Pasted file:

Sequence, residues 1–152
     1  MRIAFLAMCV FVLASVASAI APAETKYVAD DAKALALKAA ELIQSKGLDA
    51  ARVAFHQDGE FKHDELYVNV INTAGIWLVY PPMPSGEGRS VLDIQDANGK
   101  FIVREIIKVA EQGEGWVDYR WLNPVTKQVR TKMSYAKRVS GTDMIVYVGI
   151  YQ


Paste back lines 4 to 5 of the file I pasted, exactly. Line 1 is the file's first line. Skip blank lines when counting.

   101  FIVREIIKVA EQGEGWVDYR WLNPVTKQVR TKMSYAKRVS GTDMIVYVGI
   151  YQ